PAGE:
The 8 issues holding up development at the Rail Yards

Dan Mayfield – Reporter Albuquerque Business First
Several issues could hold up future development of the city’s Rail Yards, according to developer Jim Trump of Samitaur Constructs, the private developer of the area near Downtown.
In a Rail Yards Advisory Committee hearing on Tuesday morning, Trump said bankers and brokers will tour the historic site in late January and could help finance and lease the site.
Trump said the site is now designated as historic, but it has issues with transients breaking in, crumbling roofs and environmental contaminants. He said it will take millions of dollars to get it up to code.
The meeting was packed with supporters of the Rail Yards Market, a weekly farmers market that brings thousands to the site. The city is trying to scale down the market’s use of the yards to three Sundays per month instead of four.
“Our position is we totally support the Rail Yards Market,” Trump said. “It goes beyond that to car shows, weddings and more. We do also have a position that the Rail Yards Market buildings are deteriorating rather rapidly.”
Though the developer was chosen last year after the city spent about $1 million upgrading the old train repair facility, development has been slow and the advisory committee wanted an update on Tuesday.
“Samitaur is focused on the process,” he said. “As far as future tenants go, we will go through the process and there will be much more that happens.”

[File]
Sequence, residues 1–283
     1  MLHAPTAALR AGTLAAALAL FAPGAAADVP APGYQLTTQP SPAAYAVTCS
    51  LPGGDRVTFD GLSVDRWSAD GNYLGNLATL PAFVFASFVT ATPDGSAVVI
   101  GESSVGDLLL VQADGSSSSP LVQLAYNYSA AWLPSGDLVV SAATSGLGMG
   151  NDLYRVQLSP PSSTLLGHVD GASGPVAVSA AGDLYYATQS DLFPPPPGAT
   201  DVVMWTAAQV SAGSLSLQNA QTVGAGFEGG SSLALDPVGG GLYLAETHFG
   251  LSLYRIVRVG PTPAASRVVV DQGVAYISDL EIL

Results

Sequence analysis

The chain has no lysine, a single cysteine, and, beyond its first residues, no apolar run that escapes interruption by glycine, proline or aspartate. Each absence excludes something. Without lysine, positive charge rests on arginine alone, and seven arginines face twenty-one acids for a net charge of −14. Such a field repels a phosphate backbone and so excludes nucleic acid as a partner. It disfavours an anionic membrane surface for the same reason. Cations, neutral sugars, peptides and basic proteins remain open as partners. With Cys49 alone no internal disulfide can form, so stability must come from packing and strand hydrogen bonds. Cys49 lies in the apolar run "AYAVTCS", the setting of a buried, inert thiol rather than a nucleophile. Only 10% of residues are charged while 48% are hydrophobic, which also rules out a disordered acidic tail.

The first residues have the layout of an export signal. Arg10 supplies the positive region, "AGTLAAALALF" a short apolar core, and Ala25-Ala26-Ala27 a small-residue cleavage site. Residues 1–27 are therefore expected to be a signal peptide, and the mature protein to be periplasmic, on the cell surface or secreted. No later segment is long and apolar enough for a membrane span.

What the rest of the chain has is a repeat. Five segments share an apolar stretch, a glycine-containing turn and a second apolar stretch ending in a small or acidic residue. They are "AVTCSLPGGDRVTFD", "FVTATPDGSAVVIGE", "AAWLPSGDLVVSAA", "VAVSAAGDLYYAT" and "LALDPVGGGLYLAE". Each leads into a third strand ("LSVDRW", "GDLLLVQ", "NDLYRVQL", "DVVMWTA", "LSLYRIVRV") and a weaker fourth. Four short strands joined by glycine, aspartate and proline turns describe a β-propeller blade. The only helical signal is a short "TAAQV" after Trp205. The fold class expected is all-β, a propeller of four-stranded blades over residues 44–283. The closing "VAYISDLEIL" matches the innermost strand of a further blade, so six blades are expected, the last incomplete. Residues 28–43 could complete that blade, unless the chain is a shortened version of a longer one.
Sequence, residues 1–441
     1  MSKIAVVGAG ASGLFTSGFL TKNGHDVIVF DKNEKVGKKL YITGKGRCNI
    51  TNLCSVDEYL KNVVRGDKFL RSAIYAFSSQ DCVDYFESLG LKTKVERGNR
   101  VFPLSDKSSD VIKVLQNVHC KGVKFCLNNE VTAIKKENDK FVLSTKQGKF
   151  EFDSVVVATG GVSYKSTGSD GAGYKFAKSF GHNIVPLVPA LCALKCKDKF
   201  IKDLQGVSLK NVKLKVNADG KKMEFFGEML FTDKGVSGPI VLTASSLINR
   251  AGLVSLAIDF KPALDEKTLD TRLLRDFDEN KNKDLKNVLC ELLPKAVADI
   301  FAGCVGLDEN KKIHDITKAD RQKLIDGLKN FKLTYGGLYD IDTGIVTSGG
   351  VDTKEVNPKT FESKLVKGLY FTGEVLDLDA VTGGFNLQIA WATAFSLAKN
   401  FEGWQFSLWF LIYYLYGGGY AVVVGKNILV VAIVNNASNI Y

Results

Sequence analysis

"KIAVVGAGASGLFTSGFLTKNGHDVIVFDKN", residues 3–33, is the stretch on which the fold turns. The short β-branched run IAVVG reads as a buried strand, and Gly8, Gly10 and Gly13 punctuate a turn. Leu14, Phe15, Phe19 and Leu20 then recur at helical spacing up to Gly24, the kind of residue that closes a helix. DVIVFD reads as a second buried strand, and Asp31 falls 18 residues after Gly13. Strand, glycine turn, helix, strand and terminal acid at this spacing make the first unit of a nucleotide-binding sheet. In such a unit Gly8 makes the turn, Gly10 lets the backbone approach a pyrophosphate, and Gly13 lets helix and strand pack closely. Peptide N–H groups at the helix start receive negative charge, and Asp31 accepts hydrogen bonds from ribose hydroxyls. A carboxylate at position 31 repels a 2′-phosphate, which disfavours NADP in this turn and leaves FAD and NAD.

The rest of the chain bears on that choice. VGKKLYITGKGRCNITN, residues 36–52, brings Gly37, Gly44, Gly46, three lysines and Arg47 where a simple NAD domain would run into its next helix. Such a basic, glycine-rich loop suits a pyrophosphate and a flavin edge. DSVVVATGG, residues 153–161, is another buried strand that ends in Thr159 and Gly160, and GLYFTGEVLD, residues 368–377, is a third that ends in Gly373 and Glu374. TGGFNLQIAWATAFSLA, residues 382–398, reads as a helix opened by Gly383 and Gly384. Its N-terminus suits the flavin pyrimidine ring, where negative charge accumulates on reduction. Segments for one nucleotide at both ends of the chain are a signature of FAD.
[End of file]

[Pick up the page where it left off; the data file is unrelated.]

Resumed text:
City Councilor Isaac Benton said the city has some funding and expects more to come through. “But I would like to move on this ASAP,” he added.
Trump said eight issues are holding up the development so far.
1. Historic designation. The State Historic Preservation Office’s approval of the site as a historic site took several months. Now that that process is complete, he said, architects can move forward.
2. Environmental clean-up. Trump told the board there is lead in the soil and other contaminants at the site that must be remediated before many of the buildings on the cast complex can be developed.
3. Communications. Archaeological and tribal councils must be apprised. “I don’t see any problems with that. In fact, it’s a positive. It’s a chance for more people to see the Rail Yards,” he said.
4. The appraisal. Samitaur hired a firm to appraise the land and the buildings, but because the site is unique it will be difficult to calculate a fair value, Trump said.
5. Broker timing. The developer is waiting for a tour of international brokers, who will soon arrive to walk around and see the site.
6. Special development costs. Because the buildings are now designated historic, certain guidelines must be followed. Those, Trump said, could be both costly and time-consuming. The cost of roofs, for example, on three of the largest buildings is about $4.1 million, and Samitaur is investigating how to construct appropriate drainage pipes.
7. Remediation cost estimates. In late January, he said, “We have a tour of bankers who want to see it. There will also be a tour by brokers. They will identify the what is the cost to remediate the building, and all these costs to quote a lease rate, and it’s quite a puzzle.”
8. Safety and security.”Our biggest concern is the deterioration of these structures. We spent a considerable amount of money to clean it. It’s is very hard to secure the site … it’s a difficult item, but we have to keep it safe,” Trump said. Crews often find used needles, as well as waste from transients in the buildings, he added.